I nearly read this book again today, trying to find a suitably wonderful bit of it to quote here, before finally giving up. There are passages that are gorgeous, but more than most books everything requires the context of everything else to really work.
It’s been a few years since I last read Red Shift, but I had read it as an adult. Which is why I was surprised by how much more it meant to me this time – and I’ve always found it heartbreaking. Certainly far more than last week’s (650 word) column had space for.
The big literary event of this year, for me, has been the release of Alan Garner’s new book, Boneland, a sequel to his first two books (The Weirdstone of Brisingamen and The Moon of Gomrath) written almost half a century after they were published. Garner is not as well-known outside the UK as he should be. This may in part be because of his intense focus on his own country – the geography and dialect of his own particular part of England. But this makes for a sense of absolute ownership and belonging to a place that is one of the finest things about his work.
As with any new book that really matters to me, I’ve been doing everything I can to stave off reading Boneland. I’m not sure if this is a natural desire to draw out the pleasure or an act of sheer cowardice. But it has given me an excuse to reread Garner’s earlier work, and I stayed up all night recently reading Red Shift.
Garner’s earliest books were for children, but with Red Shift it’s hard to be sure. The book is composed of three parallel plots that are centuries apart in time – Roman Britain, the English Civil War, and the present (it was published in 1973). All three plots take place in the same part of Cheshire, however, and to all of them the hill of Mow Cop is important.
The primary plot is the modern day romance of Tom and Jan. Tom is brilliant and poor, trying to study for a university scholarship in the small caravan where he lives with his parents. Jan has moved to London to become a nurse. The couple meet when they can and find refuge in a building on top of the nearby Mow Cop. It is here that they find an axe-head, which Jan adopts as a symbol of their relationship. Yet both the relationship and Tom himself become less stable as Tom sells the valuable axe-head to a museum and learns that Jan had an affair with an older man.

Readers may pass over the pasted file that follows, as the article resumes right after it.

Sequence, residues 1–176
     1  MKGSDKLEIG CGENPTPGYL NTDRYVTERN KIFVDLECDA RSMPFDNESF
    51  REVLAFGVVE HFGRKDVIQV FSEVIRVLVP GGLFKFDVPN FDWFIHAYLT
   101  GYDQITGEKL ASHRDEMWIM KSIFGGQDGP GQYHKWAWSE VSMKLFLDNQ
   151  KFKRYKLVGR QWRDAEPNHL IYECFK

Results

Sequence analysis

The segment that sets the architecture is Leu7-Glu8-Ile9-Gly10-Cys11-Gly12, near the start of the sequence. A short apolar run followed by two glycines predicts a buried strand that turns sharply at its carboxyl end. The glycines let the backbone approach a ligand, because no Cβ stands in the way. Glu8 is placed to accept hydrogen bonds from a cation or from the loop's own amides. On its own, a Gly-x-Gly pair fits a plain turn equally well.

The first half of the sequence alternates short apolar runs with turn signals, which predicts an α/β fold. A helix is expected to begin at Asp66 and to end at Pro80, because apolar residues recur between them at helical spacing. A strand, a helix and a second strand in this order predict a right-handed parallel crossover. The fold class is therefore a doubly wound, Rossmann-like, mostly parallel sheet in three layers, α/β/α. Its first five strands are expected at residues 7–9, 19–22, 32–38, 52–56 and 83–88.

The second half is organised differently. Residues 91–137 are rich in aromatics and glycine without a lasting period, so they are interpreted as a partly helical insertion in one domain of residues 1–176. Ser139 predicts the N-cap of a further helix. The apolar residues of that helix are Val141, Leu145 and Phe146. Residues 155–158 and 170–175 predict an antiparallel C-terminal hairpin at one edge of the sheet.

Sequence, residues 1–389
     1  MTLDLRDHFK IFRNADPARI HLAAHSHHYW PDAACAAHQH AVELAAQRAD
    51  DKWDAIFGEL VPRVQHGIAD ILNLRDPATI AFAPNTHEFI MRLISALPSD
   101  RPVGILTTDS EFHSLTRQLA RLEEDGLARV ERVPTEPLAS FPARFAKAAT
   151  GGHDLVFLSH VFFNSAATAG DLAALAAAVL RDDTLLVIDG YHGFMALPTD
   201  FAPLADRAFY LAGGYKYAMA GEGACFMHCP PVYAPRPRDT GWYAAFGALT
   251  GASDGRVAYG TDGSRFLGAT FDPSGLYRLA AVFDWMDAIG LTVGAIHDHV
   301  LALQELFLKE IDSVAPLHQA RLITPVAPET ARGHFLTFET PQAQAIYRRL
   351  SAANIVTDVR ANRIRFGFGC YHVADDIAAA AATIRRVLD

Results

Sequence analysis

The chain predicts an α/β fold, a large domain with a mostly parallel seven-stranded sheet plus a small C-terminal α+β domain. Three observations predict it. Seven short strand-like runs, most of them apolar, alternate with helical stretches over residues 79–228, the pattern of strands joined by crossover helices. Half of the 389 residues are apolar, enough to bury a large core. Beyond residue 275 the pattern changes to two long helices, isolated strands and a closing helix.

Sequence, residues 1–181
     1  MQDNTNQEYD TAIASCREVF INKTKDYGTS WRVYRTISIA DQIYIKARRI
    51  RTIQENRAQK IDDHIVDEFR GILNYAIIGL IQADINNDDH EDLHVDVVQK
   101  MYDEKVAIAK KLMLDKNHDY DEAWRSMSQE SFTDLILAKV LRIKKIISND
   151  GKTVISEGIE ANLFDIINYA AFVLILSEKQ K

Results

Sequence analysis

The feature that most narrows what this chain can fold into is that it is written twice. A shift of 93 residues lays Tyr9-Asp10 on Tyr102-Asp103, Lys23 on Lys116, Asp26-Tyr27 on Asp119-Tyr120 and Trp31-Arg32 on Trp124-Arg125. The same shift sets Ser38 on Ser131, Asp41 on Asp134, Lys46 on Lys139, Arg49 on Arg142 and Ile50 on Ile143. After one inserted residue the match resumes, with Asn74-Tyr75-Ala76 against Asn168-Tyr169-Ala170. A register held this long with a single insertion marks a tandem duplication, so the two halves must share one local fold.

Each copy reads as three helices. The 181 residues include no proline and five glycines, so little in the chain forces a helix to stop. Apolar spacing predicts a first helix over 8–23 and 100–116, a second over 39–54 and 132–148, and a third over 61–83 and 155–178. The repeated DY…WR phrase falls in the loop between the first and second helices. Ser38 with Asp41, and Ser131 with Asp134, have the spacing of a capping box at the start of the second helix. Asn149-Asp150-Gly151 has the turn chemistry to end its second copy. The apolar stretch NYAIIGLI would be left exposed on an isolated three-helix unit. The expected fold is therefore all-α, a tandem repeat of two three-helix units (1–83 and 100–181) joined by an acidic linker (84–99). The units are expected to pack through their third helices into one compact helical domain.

A group of Roman soldiers from the lost Ninth Legion attacks a village, killing all its inhabitants except a priestess, before settling on Mow Cop. Macey, one member of the group and the owner of a stone axe-head, is subject to strange fits during which he fights and kills. During his fits he claims to be someone else, and sees flashes of blue-silver. Macey is the only one of the group not to injure or rape the priestess, and when she poisons the others he is the only one to survive.
In seventeenth century England a man named Thomas Rowley, along with his wife Margery, survives an attack by Irish Royalists upon his village due to the charity of another of Margery’s former suitors. Thomas has found the axe-head and he and Margery decide to build it into their new home on Mow Cop. Like Macey, Thomas is subject to visions, most of them featuring a man in pain. It becomes clear that both Thomas and Macey are experiencing flashes of Tom’s anguish, passed back through time as Jan leaves on the blue-silver train.
Garner has always been an economical writer, but in Red Shift the narrative is pared down to the point that there is hardly anything but dialogue. In the case of Tom and Jan’s relationship in particular this dialogue is wide-ranging and allusive; a frequent refrain is the plaintive “Poor Tom’s a-cold” borrowed from King Lear. It’s hard work, and it’s obvious we’re expected to work at it; Garner even ends the book with an encrypted letter for the reader to decode. Sometimes it’s almost poetry.
In the three stories here, twice unstable men are rescued by the women who hold onto them. For Tom and Jan, this is inadequate. There’s a lot to say about Red Shift (its relationship to the Tam Lin ballad, its overlooked place as a Modernist classic) but more than anything it’s a beautiful, bitter story that breaks me every time.